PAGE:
Queensland state MPs are not obliged to talk to a new Senate inquiry into the Newman government, an estimates committee has heard.
A Senate inquiry into the Queensland state government might not receive evidence from any of its members or officials.
The Palmer United Party has received Senate backing for an inquiry to report by March 2015 into alleged corruption and other aspects of the government of Premier Campbell Newman.
A Senate estimates hearing was told on Monday that there was no obligation for Newman government members to front the inquiry.
Senate Clerk Rosemary Laing said in the case of a 1992 inquiry into the Victorian state government the committee had been advised not to compel witnesses because it could set an unwanted precedent.
There was a strong principle that houses of parliament did not interfere with each other and were not subject to the supervision of each other, she said.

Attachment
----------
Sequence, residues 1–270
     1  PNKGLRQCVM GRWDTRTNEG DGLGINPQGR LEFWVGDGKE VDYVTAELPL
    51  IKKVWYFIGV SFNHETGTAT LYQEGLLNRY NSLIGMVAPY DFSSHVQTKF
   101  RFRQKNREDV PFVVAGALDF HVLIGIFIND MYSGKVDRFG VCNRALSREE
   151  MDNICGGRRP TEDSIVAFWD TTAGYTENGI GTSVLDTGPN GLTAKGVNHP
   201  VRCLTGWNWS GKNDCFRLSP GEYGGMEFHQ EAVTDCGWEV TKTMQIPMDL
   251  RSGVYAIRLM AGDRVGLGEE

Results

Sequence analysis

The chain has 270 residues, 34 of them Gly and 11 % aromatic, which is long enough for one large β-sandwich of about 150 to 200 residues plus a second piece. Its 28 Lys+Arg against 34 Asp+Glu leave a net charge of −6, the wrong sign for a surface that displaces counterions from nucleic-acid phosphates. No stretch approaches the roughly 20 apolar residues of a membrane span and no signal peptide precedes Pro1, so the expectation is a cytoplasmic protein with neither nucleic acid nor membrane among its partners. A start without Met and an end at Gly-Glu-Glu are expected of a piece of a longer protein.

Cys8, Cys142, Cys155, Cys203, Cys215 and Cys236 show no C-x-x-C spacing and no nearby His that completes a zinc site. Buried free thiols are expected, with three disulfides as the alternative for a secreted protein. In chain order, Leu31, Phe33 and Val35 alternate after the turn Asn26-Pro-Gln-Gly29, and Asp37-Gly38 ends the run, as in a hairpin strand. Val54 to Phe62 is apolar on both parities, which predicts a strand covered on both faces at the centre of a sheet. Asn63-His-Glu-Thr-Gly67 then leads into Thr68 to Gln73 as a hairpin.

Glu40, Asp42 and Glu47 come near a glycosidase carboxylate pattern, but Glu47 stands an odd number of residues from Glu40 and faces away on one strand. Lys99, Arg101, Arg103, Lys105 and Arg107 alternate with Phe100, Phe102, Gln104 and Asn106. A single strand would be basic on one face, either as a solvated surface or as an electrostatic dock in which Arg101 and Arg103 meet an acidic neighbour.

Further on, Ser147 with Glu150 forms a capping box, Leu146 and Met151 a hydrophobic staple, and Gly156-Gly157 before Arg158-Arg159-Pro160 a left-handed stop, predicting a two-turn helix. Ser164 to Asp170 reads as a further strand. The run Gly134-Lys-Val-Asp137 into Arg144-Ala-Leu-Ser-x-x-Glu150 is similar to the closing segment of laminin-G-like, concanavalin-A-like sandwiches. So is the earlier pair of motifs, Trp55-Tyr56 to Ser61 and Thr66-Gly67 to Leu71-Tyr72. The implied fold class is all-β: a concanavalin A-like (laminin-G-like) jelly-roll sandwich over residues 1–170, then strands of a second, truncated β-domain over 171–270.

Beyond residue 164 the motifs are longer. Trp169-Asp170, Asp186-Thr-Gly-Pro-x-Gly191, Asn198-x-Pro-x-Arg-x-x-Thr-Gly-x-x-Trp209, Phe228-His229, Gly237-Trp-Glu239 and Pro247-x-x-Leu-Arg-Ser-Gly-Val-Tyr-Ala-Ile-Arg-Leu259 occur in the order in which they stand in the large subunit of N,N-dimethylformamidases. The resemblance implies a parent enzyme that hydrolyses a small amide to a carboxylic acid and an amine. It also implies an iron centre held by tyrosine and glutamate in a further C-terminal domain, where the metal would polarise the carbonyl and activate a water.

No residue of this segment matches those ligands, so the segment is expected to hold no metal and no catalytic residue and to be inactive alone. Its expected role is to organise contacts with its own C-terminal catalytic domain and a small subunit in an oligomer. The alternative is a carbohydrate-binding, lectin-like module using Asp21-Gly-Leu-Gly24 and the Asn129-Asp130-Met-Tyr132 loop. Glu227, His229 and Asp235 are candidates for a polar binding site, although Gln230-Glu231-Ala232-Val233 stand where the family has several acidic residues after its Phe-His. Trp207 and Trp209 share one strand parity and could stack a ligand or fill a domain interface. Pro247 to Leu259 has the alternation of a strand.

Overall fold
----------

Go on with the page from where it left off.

If this was to be tested in the courts it could limit the Senate’s powers, which “would not be a useful thing for the Senate”.
Instead, the Senate sends “messages” to a state parliament if it wishes the attendance of state MPs.
In the Victorian inquiry case, the state parliament declined the invitation.
However Dr Laing said that sometimes members of other parliaments saw it “in their interests to explain their positions” before Senate inquiries.
She could not recall an inquiry whose scope had been as broad as the PUP’s inquiry.